Anterior fontanelle inclusion cyst
Citation, DOI and article data
Anterior fontanelle inclusion cysts, also commonly referred to as congenital dermoid inclusion cysts or Adeloye-Odeku Disease are cystic lesions overlying the anterior fontanelle without communication with the underlying intracranial compartment.
Although the term congenital dermoid inclusion cyst is more common some of these lesions do not contain any secondary skin appendages and in fact represent epidermoid cysts 2. Furthermore, as even dermoids usually appear cystic without the fatty components frequently encountered elsewhere, it is difficult to distinguish between the two on imaging. As such anterior fontanelle inclusion cyst or anterior fontanelle dermoid/epidermoid is probably a better term.
Congenital anterior fontanelle inclusion cysts are most frequently seen in black individuals or those with black ancestry and are more commonly seen in women (F:M 2:1) 2,3.
These cysts usually present at birth as rounded swellings over the anterior fontanelle without any pain or tenderness 2,3. Over time they gradually grow.
Occasionally these cysts can become infected 4.
Anterior fontanelle inclusion cysts represent sequestration of epidermal rests during the third to fifth week of gestation 2. These cysts are lined by stratified squamous epithelium and their content primarily fluid 2. In the majority of cases, some secondary skin appendages (hair, sebaceous glands) are present and thus they represent dermoids. In others, only epidermal cells a found and thus these represent epidermoid cysts.
The importance of imaging is to distinguish these cysts from other malformation that communicate with the intracranial compartment (see differential diagnosis section below). CT is, therefore, a minimum requirement, and if any concern for such communication exists, then further assessment with MRI is warranted.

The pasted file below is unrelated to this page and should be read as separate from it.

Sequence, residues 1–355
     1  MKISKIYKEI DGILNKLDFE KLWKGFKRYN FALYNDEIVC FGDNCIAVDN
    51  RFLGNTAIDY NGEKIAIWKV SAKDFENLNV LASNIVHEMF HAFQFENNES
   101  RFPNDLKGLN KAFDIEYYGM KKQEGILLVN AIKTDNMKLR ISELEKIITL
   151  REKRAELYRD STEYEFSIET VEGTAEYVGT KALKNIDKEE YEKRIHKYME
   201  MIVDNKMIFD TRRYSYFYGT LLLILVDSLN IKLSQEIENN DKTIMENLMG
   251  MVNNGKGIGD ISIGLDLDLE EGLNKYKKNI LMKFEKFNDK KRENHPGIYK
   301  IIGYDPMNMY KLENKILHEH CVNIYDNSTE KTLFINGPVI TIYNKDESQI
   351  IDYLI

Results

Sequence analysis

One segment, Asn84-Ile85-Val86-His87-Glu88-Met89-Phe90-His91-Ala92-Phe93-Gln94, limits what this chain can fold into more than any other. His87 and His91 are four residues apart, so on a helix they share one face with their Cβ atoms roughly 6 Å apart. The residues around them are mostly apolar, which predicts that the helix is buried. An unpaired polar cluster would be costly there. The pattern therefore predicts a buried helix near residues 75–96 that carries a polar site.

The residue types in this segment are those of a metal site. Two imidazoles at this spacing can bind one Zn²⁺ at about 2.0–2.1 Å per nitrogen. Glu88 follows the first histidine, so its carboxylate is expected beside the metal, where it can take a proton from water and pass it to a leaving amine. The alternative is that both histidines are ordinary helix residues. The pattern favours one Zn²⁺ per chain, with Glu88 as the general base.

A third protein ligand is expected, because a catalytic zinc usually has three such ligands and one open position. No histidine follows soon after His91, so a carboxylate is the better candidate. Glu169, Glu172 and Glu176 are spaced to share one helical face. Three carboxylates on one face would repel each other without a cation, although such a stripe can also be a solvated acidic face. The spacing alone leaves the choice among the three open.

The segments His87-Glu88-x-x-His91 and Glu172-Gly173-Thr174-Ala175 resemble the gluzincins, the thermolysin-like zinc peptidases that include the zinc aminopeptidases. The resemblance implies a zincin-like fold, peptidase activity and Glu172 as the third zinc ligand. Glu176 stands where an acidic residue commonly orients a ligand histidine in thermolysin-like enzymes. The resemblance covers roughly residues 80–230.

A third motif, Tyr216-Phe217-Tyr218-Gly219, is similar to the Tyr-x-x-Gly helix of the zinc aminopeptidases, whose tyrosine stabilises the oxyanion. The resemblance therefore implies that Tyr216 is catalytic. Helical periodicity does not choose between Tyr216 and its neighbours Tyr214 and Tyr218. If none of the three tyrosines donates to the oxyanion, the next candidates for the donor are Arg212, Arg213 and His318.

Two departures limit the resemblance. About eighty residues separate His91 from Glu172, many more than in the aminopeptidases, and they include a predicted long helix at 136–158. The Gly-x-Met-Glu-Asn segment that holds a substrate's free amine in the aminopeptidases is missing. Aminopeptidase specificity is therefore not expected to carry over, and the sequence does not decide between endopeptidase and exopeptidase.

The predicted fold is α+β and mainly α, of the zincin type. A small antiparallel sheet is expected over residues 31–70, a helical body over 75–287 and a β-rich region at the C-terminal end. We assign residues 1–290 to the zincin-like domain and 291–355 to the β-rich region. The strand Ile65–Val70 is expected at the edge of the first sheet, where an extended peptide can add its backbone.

These cysts appear as well-demarcated ovoid lesions ranging in size from a few millimeters to many centimeters in diameter. They are deep to the scalp and superficial to the dura. The fontanelle is often widened with remodeling/resorption of the underlying bone 4.
The content is hypodense similar to CSF but can be heterogeneous depending on content 4.
Most anterior fontanelle inclusion cysts are fluid-filled and therefore have low T1 and high T2 signal.
Treatment and prognosis
Surgical excision is necessary for cosmetic reasons and to confirm the diagnosis. Complete resection is curative.
History and etymology
It was first described by Adeloye and Odeku from Nigeria in 1971 1. It was considered a disease of African children. Other authors across the globe have subsequently reported, in various races, similar lesions.
On imaging consider
- 1. Adeloye A, Odeku EL. Congenital subgaleal cysts over the anterior fontanelle in Nigerians. Arch Dis Child. 1971;46:95–8.
- 2. Martinez-Lage JF, Quiñonez MA, Poza M, Puche A, Casas C, Rodriguez Costa T. Congenital epidermoid cysts over the anterior fontanelle. (1985) Child's nervous system : ChNS : official journal of the International Society for Pediatric Neurosurgery. 1 (6): 319-23. Pubmed
- 3. de Carvalho GT, Fagundes-Pereyra WJ, Marques JA, Dantas FL, de Sousa AA. Congenital inclusion cysts of the anterior fontanelle. (2001) Surgical neurology. 56 (6): 400-5. Pubmed
- 4. Masood Majed, Farideh Nejat, Mostafa El Khashab. Congenital dermoid cysts of the anterior fontanel. (2008) Indian Journal of Plastic Surgery. 41 (2): 238. doi:10.4103/0970-0358.44934 - Pubmed